Small Island Developing States (SIDS) have championed the phrase “1.5 to stay alive” in demanding that global temperature increases be kept as far below 1.5 degrees C as possible to limit the anticipated devastating effects of climate change on the world’s most vulnerable countries.
In June 2014, Gaston Browne led his Antigua and Barbuda Labour Party to a resounding victory at the polls with a pledge to transform the country into an economic powerhouse in the Caribbean.
Caribbean leaders on Saturday further advanced their policy position on climate change ahead of the 21st
Conference of Parties, also known as COP 21, scheduled for Paris during November and December of this year.
Grenada and its tourism-dependent Caribbean neighbours are thought to be among the globe's most vulnerable countries to the myriad impacts of climate change, especially coastal flooding due to natural disasters and storm surges.
Henry Prince has lived in this fishing village for more than six decades. Prince, 67, who depends on the sea for his livelihood, said he has been catching fewer and fewer fish, and the decrease is taking a financial toll on him and other fisher folk throughout the island nation of Grenada.
Jabberwock beach, located on the northeastern coast of Antigua, features a mile-long white sand beach and is a favourite with locals and visitors alike.
IPS Correspondent Desmond Brown interviews Richard Huber, chief of the Sustainable Communities, Hazard Risk, and Climate Change Section of the Department of Sustainable Development of the Organisation of American States (OAS), who works to foster resilient, more sustainable cities – reducing, for example, consumption of water and energy – while simultaneously improving the quality of life and the participation of the community.
Richard Huber is chief of the Sustainable Communities, Hazard Risk, and Climate Change Section of the Department of Sustainable Development of the Organisation of American States (OAS). Its objective? Foster resilient, more sustainable cities – reducing, for example, consumption of water and energy – while simultaneously improving the quality of life and the participation of the community.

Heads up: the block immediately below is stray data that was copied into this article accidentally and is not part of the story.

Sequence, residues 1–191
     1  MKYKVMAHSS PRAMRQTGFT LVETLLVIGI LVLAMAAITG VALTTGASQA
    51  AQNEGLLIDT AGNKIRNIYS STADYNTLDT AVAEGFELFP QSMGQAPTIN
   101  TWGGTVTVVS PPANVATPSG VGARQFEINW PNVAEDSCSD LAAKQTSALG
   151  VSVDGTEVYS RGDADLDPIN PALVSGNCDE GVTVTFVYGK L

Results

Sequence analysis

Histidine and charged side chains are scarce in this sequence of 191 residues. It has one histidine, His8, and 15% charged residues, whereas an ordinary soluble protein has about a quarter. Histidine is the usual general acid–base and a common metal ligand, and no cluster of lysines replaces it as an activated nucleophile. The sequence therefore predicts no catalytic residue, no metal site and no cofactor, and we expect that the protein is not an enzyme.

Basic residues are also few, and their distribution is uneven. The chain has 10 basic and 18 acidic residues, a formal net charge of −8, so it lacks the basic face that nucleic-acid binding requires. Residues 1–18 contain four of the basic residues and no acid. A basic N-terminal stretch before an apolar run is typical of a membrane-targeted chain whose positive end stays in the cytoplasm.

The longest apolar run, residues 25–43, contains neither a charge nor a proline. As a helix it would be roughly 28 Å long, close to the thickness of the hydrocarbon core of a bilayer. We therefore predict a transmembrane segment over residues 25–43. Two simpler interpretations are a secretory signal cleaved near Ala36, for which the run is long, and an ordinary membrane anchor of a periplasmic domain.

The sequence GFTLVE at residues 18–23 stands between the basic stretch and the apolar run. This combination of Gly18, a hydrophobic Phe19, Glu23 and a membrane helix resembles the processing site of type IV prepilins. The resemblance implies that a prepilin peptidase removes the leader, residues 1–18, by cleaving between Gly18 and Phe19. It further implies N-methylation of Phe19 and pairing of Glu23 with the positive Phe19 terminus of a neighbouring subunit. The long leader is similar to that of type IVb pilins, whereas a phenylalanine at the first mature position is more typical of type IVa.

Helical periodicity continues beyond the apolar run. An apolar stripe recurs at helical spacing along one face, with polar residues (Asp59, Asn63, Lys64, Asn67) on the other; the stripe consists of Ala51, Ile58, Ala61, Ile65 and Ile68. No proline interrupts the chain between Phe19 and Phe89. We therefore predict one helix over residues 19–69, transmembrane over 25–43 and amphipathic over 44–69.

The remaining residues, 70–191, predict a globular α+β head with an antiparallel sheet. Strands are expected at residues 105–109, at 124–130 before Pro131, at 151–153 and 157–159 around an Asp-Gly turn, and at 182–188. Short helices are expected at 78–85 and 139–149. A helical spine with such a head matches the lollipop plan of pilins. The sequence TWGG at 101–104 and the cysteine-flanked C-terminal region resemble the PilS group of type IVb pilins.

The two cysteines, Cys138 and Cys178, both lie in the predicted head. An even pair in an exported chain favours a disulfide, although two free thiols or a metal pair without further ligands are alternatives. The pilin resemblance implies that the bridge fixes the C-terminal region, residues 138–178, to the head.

Thanks to committed involvement by the local community, the Fondes Amandes Community Reforestation Project has transformed this area of Trinidad from a bare, dusty hillside to one where tall trees flourish, fruit trees grow alongside flowering plants, and more wildlife returns each year.
Not far above Trinidad’s capital, Port-of-Spain, in a corner of the St. Ann’s valley in the Northern Range, the community of Fondes Amandes has come together since 1982 to respond to climate change.
At 49 years old, Edison Liburd has established himself as one of Antigua and Barbuda’s most recognisable artists. But Liburd was not always in the spotlight. In fact, you could say he was a man in hiding.
It was early on a Saturday morning and there was no sign of life in the community. The shacks erected on both sides of the old, narrow road that winds through the area are all surrounded by zinc sheets which rise so high, it’s impossible to see what lies on the other side.
At 24 years old, Stefan Knights has never been on the side of those who are sceptical about the reality and severity of climate change.
The Caribbean nation of St. Kitts and Nevis, on a quest to become the world’s first sustainable island state, has taken a giant leap in its programme to cut energy costs.
Most countries joining the growing list of nations pursuing clean geothermal power have been confronted with a huge financial challenge.